Molecular basis of outer membrane stabilisation by the energised Tol-Pal system in Gram-negative bacteria

Lead Research Organisation: University of Oxford
Department Name: Biochemistry


Bacteria are important for the health and well-being of most living organisms on earth. Examples in humans include their importance in our gut microbiomes for the digestion of food. Bacteria can also be pathogenic, meaning they can infect tissues and organs which, if left untreated, can be lethal. Much of modern medicine relies on the effective treatment of bacterial infections, such as pneumonia and sepsis, through the use of antibiotics. The rise of antibiotic resistance in bacteria is increasingly rendering many of our frontline antibiotics ineffective.

The current proposal focuses on the outer membrane, one of the main factors contributing to antibiotic resistance in Gram-negative bacteria such as Escherichia coli, Pseudomonas aeruginosa and Klebsiella pneumoniae. The outer membrane is a highly impermeable barrier that excludes many types of antibiotics that are otherwise effective against Gram-positive bacteria that lack an outer membrane. During the process of division in Gram-negative bacteria newly replicated daughter cells must have their individual outer membranes pinned to the underlying cell wall. This process requires the input of energy. Because the outer membrane is an 'energy-less' environment the requisite energy is provided by the electrochemical gradient across the inner membrane of the bacterium. A complex, multiprotein protein nanomachine known as Tol-Pal is tasked with this transfer of energy. Tol-Pal taps into this energy source to stabilise the outer membrane by an unknown mechanism.

We discovered recently how Tol-Pal achieves this complex function, in the process identifying a biological mechanism we call 'mobilisation-and-capture'. The current proposal seeks to capitalise on these advances. We will investigate all the discrete interactions of the five Tol-Pal components and how they move in the membranes of the bacterium in order to understand how the cell's energy is exploited to pin the outer membrane to the cell wall. As part of this work, we will also exploit a new technology we have developed whereby energised complexes in Gram-negative bacteria can be trapped in their activated states for subsequent structural dissection using antibacterial proteins known as colicins.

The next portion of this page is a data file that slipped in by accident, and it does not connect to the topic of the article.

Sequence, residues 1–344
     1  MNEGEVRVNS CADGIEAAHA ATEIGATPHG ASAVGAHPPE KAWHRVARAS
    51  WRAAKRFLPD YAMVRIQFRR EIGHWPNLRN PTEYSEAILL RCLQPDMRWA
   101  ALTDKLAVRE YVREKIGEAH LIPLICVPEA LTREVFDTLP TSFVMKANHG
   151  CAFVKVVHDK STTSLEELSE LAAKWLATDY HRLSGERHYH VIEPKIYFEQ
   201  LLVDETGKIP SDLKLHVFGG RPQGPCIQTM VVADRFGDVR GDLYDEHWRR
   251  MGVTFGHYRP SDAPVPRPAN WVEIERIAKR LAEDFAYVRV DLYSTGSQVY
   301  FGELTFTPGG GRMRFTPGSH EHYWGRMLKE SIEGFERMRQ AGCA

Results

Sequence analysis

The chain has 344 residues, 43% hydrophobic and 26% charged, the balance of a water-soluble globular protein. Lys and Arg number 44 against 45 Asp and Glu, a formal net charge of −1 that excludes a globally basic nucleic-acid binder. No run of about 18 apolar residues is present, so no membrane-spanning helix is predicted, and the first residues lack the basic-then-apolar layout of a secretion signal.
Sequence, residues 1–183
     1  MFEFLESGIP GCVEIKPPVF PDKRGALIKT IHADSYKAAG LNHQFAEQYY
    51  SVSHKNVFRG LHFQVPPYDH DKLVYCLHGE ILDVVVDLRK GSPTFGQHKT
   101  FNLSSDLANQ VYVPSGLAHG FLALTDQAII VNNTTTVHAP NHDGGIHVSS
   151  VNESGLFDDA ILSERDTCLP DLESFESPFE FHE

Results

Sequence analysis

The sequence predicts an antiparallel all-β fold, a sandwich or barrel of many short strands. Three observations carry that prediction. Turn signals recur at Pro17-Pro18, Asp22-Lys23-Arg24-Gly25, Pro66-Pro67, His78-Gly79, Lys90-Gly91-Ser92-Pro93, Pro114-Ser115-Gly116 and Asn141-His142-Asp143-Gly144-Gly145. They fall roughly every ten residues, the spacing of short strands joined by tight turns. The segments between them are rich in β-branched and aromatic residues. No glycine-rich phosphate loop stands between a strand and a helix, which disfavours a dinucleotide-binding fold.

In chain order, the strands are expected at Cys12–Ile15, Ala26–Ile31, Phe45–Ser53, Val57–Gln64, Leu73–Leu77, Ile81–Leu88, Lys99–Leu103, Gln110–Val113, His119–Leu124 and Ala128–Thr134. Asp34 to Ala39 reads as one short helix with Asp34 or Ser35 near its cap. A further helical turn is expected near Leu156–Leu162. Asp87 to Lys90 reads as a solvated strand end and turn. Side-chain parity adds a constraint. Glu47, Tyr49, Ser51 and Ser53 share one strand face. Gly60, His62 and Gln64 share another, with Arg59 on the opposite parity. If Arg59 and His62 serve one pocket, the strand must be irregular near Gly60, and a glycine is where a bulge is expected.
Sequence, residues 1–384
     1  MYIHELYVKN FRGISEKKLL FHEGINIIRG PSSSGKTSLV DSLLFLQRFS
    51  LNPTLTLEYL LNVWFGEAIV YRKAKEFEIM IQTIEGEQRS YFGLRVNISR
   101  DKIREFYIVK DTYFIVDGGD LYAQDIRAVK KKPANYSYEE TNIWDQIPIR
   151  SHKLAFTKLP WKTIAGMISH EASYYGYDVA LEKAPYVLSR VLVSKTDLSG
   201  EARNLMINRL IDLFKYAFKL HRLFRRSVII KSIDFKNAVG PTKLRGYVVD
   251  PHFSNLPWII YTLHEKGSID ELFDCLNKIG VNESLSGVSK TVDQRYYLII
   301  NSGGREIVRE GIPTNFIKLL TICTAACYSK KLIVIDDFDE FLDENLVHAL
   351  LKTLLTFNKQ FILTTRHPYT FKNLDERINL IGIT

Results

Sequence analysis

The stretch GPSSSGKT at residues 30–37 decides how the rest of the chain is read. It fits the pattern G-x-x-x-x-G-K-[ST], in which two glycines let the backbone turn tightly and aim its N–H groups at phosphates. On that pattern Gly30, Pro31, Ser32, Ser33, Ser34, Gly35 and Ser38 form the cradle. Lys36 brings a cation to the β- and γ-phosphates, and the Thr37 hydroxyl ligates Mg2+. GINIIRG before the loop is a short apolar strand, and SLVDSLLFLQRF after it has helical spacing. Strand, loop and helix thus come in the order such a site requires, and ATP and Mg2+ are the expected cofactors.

Through this work we will obtain the most detailed view yet of how the outer membrane is stabilised in Gram-negative bacteria and how nanomachines like Tol-Pal work to achieve this, knowledge that can be exploited in the future fight against bacterial infections.

Technical Summary

We recently discovered a mobilisation-and-capture (M&C) mechanism is the basis for Tol-Pal stabilisation of the outer membrane (OM). This involves the complex interplay of five proteins, both membranes of the cell envelope, the peptidoglycan and the PMF. Our multidisciplinary proposal aims to dissect the molecular basis for the M&C mechanism and has five objectives:

1. Determining the in vivo interaction partnerships of E. coli Tol-Pal proteins by photoactivatable crosslinking and LC-MS/MS; specifically, how the TolQ-TolR-TolA complex is recruited to the divisome, how the PMF activates peptidoglycan binding by TolR and how TolA reaches the OM.

2. Tracking the mobilities and associations of Tol-Pal complexes in the two membranes of live E. coli cells and the influence of the PMF. Mobilities of complexes will be followed using newly-developed FRET-based assays.

3. Following changes in the periplasmic localisation of TolB, the mediator of Pal diffusion in the OM using protease protection assays in permeabilised cells and fluorescence microscopy. The localisation of TolB relative to the peptidoglycan layer is predicted to change depending on the division state of the cell.

4. Defining the structural basis of PMF-induced activation of peptidoglycan-binding by the stator protein TolR. We will obtain structural information on the TolQ-TolR stator complex prior to its binding of the peptidoglycan using an inactivating disulphide and obtain structural information for the TolR-peptidoglycan complex.

5. Visualising by cryo-electron tomography the entire Tol-Pal nanomachine within minicells trapped in its PMF-activated state using a bacteirocin. We have already put this strategy in place for a Ton-dependent bacteriocin and will now extend the approach to a Tol-dependent bacteriocin. This approach promises to furnish structural data for these nanomachines in the context of the cell envelope and in their PMF-activated states.


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